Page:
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Project December 11, 2018

Building Peace in Plateau State, Nigeria

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Media file: hahn_wapo_nigeria_vigilantes_03-2.jpg
Barkin Ladi, Jos, Nigeria- The remains of a church in Garwaza Village in Barkin Ladi, Nigeria on Tuesday, October 23, 2018. Villagers were warned of the attack by Fulani members of their community before the attacked on June 23, 2018 by masked gunmen speaking in Hausa, leading many in the community to believe that they were Fulani. Most of the 2000 villagers fled to neighboring Tenti-Babba town where they remain displaced.Over one thousand people have lost their lives this year due to an ongoing conflict between farmers and herders. The current crisis reflects the country's woes from over-population, poverty and climate change to religious division and ethnic favoritism. Growing animosity between ethnic groups coupled with a lack of security has fomented this increase in violence in recent years. Despite the divisive chaos engulfing the Middle Belt of Nigeria, a group of multi-ethnic men and women, part of the Vigilante Group of Nigeria, are providing much needed security and trust to all groups affected by the conflict.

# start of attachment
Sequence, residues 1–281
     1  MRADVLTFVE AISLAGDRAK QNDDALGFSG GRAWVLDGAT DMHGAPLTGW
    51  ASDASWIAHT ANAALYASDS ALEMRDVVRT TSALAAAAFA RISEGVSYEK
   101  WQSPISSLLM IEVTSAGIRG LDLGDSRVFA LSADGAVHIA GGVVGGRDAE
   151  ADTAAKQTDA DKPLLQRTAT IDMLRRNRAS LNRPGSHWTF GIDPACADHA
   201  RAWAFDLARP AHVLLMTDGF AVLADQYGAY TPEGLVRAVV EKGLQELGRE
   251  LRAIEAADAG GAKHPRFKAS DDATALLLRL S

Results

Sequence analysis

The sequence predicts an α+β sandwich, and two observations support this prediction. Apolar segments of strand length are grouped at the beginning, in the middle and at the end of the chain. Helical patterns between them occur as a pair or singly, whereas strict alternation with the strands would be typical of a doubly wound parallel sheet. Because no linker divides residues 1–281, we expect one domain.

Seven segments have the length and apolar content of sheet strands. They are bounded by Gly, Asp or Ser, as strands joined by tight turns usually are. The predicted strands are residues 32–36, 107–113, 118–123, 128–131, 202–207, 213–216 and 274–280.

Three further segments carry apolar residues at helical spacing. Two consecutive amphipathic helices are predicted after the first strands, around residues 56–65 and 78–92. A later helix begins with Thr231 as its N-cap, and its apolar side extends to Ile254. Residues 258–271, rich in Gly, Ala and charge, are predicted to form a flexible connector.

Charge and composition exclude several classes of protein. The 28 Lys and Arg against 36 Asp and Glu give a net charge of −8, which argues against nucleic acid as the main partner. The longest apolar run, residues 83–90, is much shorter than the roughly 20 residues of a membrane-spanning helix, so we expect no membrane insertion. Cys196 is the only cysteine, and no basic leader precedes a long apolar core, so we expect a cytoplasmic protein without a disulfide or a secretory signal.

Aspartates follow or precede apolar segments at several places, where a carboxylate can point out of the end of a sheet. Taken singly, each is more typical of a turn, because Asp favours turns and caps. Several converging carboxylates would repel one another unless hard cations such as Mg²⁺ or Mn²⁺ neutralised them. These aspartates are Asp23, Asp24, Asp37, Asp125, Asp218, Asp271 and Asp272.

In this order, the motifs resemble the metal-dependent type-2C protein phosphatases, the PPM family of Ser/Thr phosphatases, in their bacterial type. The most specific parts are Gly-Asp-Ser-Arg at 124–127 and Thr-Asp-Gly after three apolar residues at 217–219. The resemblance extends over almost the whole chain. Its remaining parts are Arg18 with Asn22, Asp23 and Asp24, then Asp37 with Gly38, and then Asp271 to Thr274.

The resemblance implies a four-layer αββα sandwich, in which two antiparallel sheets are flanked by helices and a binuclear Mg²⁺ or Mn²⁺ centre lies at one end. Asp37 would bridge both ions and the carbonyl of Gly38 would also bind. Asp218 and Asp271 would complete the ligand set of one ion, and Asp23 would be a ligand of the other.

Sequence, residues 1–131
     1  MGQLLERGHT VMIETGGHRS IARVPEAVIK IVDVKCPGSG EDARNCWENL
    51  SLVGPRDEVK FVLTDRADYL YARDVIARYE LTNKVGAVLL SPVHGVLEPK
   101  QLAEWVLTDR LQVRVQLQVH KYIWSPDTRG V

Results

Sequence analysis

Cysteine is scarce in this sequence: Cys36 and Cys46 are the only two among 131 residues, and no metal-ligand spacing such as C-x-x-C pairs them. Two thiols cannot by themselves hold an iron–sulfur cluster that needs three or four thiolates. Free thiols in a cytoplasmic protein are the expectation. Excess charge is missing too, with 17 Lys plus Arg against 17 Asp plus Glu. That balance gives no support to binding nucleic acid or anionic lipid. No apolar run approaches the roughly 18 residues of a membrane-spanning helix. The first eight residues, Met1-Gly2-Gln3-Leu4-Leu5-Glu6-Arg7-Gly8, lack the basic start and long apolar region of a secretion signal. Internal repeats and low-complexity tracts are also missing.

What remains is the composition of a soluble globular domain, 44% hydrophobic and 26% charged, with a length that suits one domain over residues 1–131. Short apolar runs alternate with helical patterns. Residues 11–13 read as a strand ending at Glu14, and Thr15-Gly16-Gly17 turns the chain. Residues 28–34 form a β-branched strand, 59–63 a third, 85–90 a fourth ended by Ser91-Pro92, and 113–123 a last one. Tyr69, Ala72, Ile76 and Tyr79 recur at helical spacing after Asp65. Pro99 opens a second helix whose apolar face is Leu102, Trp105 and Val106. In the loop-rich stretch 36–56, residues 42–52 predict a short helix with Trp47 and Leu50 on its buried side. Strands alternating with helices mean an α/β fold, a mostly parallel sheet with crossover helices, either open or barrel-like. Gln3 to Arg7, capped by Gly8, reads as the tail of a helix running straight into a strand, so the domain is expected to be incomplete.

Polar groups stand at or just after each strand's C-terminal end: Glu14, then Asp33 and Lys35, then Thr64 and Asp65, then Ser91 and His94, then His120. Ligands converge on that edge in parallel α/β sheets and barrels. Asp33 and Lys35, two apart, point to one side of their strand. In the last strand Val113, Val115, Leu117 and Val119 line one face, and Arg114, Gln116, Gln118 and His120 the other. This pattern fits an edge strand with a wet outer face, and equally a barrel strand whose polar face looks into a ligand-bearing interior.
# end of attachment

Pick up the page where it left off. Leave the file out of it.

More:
A decades-long battle over territory between herders and farmers in Central Nigeria has escalated exponentially with more than 1,000 deaths since January 2018. Growing animosity between ethnic groups coupled with lack of security has fomented this increase in violence in recent years. Inaccurate and biased reporting by local media has created a public frenzy against the predominantly Muslim Fulani herders. This media fervor encourages people to call the crisis a religious war against the mainly Christian farmers and to politicize the crisis ahead of next years elections.

Despite the divisive chaos engulfing the Middle Belt, a small group of multi-ethnic men, including those from the clashing Fulani and Berom (largely Christian) tribes, have joined together to form the 'Vigilante Group of Nigeria'. Together they are intermediaries for all victims—no matter their creed—as trust between different ethnic groups and security forces is non existent. These men, who have received training and equipment from Nigerian security forces, are a prime example that all ethnicities and religions can work together to find peace countering dangerous narratives that have engulfed not only Nigeria, but also the world.

The current crisis reflects the country's woes from overpopulation, poverty, and climate change to religious division and ethnic favoritism. To what extent can these men succeed in stemming this worsening crisis? Can they stand as an example to others that people can rise above their differences and work together towards peace?

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